I Am McLovin!

Little Shop of Horrors.

Back in 1960, Roger Corman made a cult classic in two days using left-over sets and such from a previous movie he had finished early (with a cameo by a very young Jack Nicholson). Years later, it was turned into an off-Broadway musical, which would later be adapted by Frank Oz and Howard Ashman into the 1986 musical extravaganza! Seymour Krelborn (Rick Moranis) is a skid-row orphan working under Mr. Mushnik (Vincent Gardenia) at Mushnik’s floral shop. He’s desperately and longingly in love with co-worker Audrey (Ellen Greene), but she’s shacking up with abusive and sadistic dentist, Orin Scrivello, DDS (Steve Martin). But after a total eclipse of the sun, Seymour discovers a fly-trap-esque plant and takes it in. He names it the Audrey II, and it immediately brings instant success to the bankrupt shop. But then Seymour discovers a deadly secret: the plant can only survive by drinking blood. So he feeds it his own blood until it gets too big and starts talking (voiced by Levi Stubbs of The Four Tops), requesting that Seymour go out and kill people to feed him.

This movie was my favorite growing up (which explains quite a lot, really). I’ve watched it an uncountable amount of times, and I know the words and lyrics backward and forward. It’s dark, it’s funny, it’s romantic, and it’s scary. This movie still creeps me out at times, and I hate being around plants in the dark. The one specific scene that will never ever stop scaring the crap out of me is toward the end when Audrey II calls up Audrey (who lives right across the street) and sings to her. Audrey slowly turns to her window and sees this enormous plant staring and laughing at her from across the street. God, just thinking about that scene creeps me out.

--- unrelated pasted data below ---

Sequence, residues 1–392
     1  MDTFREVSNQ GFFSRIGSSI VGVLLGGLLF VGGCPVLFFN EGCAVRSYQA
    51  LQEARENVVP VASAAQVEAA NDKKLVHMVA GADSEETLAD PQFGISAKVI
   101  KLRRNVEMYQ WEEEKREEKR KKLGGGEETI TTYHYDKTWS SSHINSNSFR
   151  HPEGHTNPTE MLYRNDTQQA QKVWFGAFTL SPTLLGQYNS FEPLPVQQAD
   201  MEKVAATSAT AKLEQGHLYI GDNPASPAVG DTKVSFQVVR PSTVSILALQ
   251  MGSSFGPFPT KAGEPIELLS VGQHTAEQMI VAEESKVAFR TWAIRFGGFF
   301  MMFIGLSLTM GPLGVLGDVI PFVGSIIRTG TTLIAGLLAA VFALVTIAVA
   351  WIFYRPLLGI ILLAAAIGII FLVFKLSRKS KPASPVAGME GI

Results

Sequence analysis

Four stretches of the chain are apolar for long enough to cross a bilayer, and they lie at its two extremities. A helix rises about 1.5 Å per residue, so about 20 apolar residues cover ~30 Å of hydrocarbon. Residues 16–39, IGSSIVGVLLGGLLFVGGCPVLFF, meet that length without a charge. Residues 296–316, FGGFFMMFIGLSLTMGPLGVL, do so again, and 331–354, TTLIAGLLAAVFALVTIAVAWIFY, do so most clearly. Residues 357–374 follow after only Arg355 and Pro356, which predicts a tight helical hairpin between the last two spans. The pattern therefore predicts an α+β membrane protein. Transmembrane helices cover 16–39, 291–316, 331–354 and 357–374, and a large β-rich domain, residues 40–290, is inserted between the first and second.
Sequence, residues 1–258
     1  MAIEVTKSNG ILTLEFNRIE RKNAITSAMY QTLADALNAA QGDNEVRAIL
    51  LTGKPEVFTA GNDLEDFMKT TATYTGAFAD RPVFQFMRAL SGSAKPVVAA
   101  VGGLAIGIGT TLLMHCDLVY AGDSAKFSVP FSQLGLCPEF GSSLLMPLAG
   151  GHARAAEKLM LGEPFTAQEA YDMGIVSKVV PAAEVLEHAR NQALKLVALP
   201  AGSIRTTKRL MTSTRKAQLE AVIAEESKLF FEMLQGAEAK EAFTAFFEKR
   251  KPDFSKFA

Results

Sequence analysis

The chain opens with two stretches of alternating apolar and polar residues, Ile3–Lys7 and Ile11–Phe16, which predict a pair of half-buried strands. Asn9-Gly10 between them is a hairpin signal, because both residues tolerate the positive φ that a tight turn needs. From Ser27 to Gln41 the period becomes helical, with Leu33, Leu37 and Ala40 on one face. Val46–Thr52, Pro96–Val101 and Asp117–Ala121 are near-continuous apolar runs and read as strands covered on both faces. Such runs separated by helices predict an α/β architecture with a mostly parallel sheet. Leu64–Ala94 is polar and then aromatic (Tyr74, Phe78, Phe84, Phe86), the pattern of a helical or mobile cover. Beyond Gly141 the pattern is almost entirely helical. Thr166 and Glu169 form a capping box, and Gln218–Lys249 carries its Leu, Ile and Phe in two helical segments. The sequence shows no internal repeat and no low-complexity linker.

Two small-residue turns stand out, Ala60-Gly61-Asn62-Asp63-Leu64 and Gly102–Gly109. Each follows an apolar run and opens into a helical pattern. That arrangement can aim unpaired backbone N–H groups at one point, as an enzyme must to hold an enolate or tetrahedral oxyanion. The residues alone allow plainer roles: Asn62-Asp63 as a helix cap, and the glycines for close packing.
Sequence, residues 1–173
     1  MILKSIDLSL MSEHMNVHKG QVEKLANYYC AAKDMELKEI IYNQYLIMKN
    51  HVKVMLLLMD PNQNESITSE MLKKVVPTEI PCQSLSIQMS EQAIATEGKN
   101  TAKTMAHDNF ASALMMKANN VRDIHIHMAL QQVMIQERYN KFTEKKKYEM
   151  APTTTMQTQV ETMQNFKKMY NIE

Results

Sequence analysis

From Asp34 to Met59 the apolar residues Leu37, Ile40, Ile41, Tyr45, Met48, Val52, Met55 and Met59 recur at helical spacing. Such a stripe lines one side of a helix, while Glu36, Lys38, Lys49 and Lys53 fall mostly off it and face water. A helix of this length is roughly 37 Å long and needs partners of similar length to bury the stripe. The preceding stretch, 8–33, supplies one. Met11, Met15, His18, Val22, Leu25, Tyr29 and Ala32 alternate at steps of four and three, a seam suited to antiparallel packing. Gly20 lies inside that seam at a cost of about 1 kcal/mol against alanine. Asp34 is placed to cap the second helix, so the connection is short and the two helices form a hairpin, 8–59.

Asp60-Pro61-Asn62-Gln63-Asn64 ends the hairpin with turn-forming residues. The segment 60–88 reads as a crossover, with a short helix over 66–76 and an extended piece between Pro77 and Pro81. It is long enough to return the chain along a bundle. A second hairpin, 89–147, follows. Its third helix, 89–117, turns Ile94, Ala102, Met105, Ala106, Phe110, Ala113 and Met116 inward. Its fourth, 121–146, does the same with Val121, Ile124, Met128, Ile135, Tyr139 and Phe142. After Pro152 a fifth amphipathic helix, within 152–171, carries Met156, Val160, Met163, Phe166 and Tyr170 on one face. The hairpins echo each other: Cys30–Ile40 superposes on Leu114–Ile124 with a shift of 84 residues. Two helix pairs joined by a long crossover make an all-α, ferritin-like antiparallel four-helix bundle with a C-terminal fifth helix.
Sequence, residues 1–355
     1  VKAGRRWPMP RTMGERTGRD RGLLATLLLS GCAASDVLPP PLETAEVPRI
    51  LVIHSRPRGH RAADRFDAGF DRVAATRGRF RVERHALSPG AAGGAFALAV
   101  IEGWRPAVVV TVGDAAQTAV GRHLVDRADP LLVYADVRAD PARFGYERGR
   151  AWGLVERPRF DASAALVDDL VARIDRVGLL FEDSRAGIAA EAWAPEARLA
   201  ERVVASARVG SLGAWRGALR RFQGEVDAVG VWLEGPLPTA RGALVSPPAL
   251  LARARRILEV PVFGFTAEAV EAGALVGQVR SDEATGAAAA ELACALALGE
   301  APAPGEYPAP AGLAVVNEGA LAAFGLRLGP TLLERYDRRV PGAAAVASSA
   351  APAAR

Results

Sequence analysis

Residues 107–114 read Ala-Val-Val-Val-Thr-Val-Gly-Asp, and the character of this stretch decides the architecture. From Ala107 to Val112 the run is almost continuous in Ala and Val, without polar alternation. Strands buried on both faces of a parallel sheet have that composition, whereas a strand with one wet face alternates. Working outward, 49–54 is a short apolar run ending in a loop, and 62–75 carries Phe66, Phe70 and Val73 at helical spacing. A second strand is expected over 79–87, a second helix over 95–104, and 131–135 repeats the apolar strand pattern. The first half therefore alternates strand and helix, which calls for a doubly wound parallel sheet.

The singing is done very well, and Rick Moranis really has some pipes in him. Great voice. Really, every song is a classic with me, even if they aren’t my favorite (such as the more romantic ‘somewhere that’s green’. However, after I heard about the original ending and the irony around that song and its original purpose, I came to appreciate it much more).

And speaking of the ending, this movie has one of the most famous stories in cinema. They shot the original ending, the one taken from the stage play, where everybody dies and the plants take over the world, but it did poorly with test audiences. So they spent millions of more dollars to film a happier ending just to please the audience. That’s Hollywood for you. But I’ve seen the original ending, as well, and it’s pretty creepy (though the last frame of the happy ending is creepy in itself, too).

And this movie is cameo-central. There’s Bill Murray as the pain-loving dentist's patient (originally played by Jack Nicholson in Roger Corman’s version), and he has, hands down, the funniest scene in the entire movie. And he and Steve Martin improv’d the entire scene. Hilarity. There’s also Christopher Guest, John Candy, and James Belushi (also, as I just realized, for another Harry Potter reference, Miriam Margolyes is also in the movie (she was Professor Sprout in the first two HP movies)).

I really don’t know what else to say about this movie. I love every inch of it. I really recommend it to people who like musicals, dark comedies, or just anything twisted in general. It’s great fun (for the whole family!).

Royale With Cheese